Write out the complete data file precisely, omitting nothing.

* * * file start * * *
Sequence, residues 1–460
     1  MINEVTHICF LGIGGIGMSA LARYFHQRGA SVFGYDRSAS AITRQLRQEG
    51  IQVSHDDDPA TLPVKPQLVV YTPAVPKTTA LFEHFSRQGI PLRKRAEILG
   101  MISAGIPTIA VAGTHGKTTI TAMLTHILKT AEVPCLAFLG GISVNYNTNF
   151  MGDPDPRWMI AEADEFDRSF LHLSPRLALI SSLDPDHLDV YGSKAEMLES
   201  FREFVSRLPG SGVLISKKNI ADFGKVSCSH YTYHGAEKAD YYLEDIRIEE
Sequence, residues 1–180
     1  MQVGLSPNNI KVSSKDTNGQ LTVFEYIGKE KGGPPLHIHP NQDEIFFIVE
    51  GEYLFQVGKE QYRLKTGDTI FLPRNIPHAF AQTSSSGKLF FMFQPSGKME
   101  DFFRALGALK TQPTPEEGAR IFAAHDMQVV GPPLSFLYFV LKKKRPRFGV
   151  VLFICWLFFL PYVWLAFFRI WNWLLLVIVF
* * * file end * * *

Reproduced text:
Sequence, residues 1–460
     1  MINEVTHICF LGIGGIGMSA LARYFHQRGA SVFGYDRSAS AITRQLRQEG
    51  IQVSHDDDPA TLPVKPQLVV YTPAVPKTTA LFEHFSRQGI PLRKRAEILG
   101  MISAGIPTIA VAGTHGKTTI TAMLTHILKT AEVPCLAFLG GISVNYNTNF
   151  MGDPDPRWMI AEADEFDRSF LHLSPRLALI SSLDPDHLDV YGSKAEMLES
   201  FREFVSRLPG SGVLISKKNI ADFGKVSCSH YTYHGAEKAD YYLEDIRIEE
Sequence, residues 1–180
     1  MQVGLSPNNI KVSSKDTNGQ LTVFEYIGKE KGGPPLHIHP NQDEIFFIVE
    51  GEYLFQVGKE QYRLKTGDTI FLPRNIPHAF AQTSSSGKLF FMFQPSGKME
   101  DFFRALGALK TQPTPEEGAR IFAAHDMQVV GPPLSFLYFV LKKKRPRFGV
   151  VLFICWLFFL PYVWLAFFRI WNWLLLVIVF